Bernie Sanders considers himself to be a champion of the little guy. Such is the standard shtick of any “progressive” politician. Sanders says he wants to help the poor and the middle class.
In truth, however, Sanders only cares about a particular segment of “little guys,” those who pay union dues from which political contributions are offered. Nothing may highlight this fact more than Sanders’ opposition to the emerging sharing economy. The Daily Caller recently expounded on how Sanders “does NOT like Uber.”
Sanders said he has “serious problems” with Uber because it is so “unregulated.”
Standing against companies like Uber is not too surprising for Sanders. He has made labor policy and union rights a fundamental aspect of his campaign. He has even been able to gain support from many union leaders who have been upset with Democratic frontrunner Hillary Clinton.
It’s as if “the little guy” only ever works in a union. In truth, the real little guys are making their way in this emergent economic frontier. Individual contractors utilize what they have — their vehicle, their time, and their good name — to either make a full-time living or supplement their existing income. These are the littlest of little guys, working essentially alone, operating independently, and competing against an established and deeply entrenched ground-transportation industry.
Uber, Lyft, and similar technology companies have opened up a world of possibility for people in a wide variety of circumstances. On the partner side, they offer the opportunity to earn money on a truly customized schedule. Drivers can work as much or as little as they see fit, whenever it suits them.
On the customer side, ride-sharing offers a superior service to the highly regulated (and thus stagnant) taxi industry. Uber transactions occur electronically, with no cash exchanging hands between riders and drivers. It all happens in the app without so much as running a credit card. A feedback system incentivizes drivers to provide a pleasant experience.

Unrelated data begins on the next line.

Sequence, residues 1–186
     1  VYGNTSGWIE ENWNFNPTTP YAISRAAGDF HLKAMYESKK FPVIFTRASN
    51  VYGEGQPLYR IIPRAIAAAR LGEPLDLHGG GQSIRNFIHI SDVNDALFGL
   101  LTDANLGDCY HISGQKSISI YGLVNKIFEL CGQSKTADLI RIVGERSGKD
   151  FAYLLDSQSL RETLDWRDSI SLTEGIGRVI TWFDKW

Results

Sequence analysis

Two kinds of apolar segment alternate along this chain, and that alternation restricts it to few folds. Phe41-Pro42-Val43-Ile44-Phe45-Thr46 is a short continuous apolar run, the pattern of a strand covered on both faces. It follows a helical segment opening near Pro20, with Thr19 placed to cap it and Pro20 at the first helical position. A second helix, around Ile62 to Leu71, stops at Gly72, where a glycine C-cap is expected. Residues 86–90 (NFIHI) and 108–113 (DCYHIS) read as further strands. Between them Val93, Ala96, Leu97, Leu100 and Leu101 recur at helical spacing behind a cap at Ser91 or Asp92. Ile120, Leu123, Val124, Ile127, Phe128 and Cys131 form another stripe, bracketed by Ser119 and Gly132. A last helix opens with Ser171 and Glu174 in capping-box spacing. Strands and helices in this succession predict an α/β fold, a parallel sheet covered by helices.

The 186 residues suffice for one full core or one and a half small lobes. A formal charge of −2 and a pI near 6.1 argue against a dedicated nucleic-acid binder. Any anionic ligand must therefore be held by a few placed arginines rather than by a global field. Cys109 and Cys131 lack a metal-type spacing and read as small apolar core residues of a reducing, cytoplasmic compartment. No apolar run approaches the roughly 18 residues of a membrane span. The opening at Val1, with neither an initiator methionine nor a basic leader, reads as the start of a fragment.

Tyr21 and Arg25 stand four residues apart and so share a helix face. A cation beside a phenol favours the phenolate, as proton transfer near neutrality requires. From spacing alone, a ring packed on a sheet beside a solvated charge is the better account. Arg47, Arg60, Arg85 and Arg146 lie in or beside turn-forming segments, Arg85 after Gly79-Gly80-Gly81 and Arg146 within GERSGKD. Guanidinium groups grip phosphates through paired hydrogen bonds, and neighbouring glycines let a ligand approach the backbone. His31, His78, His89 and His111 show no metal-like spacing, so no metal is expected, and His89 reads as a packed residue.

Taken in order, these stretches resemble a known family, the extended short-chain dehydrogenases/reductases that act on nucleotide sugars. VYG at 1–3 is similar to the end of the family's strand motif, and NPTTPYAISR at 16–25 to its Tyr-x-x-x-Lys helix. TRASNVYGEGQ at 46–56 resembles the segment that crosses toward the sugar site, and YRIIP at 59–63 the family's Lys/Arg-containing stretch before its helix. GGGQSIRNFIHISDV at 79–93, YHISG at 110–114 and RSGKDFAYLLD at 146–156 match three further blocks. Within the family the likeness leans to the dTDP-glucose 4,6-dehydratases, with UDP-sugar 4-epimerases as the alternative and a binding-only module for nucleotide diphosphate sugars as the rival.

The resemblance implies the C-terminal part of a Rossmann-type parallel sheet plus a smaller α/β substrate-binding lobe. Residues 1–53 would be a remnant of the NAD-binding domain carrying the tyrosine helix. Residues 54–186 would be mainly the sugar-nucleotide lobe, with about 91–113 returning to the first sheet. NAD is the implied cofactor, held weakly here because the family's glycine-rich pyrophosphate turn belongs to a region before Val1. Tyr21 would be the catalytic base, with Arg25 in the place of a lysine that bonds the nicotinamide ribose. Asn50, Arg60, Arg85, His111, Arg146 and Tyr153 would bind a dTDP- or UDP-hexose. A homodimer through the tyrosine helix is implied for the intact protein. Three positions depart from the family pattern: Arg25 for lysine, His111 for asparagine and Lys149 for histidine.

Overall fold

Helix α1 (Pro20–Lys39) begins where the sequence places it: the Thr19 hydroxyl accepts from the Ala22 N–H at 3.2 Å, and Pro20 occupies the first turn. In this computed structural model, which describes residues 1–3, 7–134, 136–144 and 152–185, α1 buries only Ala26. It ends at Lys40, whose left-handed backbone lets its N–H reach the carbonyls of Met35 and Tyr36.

The sharing economy is good for little guys who want to make money, and other little guys who want a superior customer experience. Why then do so-called “progressives” oppose this particular form of progress? The Daily Caller expounds:
Unions have been some of the more adamant rivals of [the sharing economy]. Contracting as a whole makes it more difficult for unions to organize workers, because unions have to pursue one contractor at a time as opposed to all employees within a single workplace.
Though contractors can still join a union, it’s much easier to unionize employees because consent doesn’t have to be unanimous. If a union can get the majority of employees within a single bargaining unit to agree to representation, it becomes the Exclusive Representative of all the employees.
If that union happens to exist in a mandatory dues state, all the employees within a unionized bargaining until must pay union dues or fees whether they agree with the union or not.
Pols like Bernie Sanders wax poetic about big business and rich fat cats exploiting the little guy. In truth, Sanders seeks to propel himself to power on the backs of crushed entrepreneurial dreams. It’s a numbers game. The rich will always be a minority. So it’s easy to demonize them. Similarly, the aspiring poor will always be a minority. So they get to be demonized too.
It’s the politics of stagnation. Keep things the way they are, maintain the status quo through the force of law. That way, those comfortable with their current station never have to compete to maintain it. That’s the union culture in a nutshell, and it’s a big part of why many who aspire to more can’t have nice things.
Ironically, even some Uber drivers have jumped on the anti-Uber bandwagon. In New York City, where Uber drivers must be specially licensed, Mayor Bill de Blasio has been working to cap their number. As reported by Inc., existing Uber drivers approve:
To the App-Based Drivers Association in Seattle, the cap doesn’t sound like such a bad idea.
“Drivers don’t make more money when there’s more cars on the road,” says association business representative Dawn Gearhart — at least not in Seattle, she adds.
The App-Based Drivers Association is a Teamsters union organization. Teamsters has other such associations in Los Angeles and Washington, D.C. and represents a total of roughly 5,000 Uber drivers, according to Gearhart. Uber has called the association bogus.
The irony of opposing the entrepreneurial growth which made their jobs possible is apparently lost on the association’s membership.
That raises the question: does our society deserve a service as awesome as Uber or Lyft? Do we deserve real social progress? Only if we’re willing to endure the cost of liberty.
People say “freedom isn’t free,” and typically mean some have fought and died to protect it. That’s true. But freedom also isn’t free because we must work to survive and thrive within it. We must be willing to rise and fall on our own effort, to deal rationally and intentionally with the unfettered competition of others rather than insist they be stopped by law.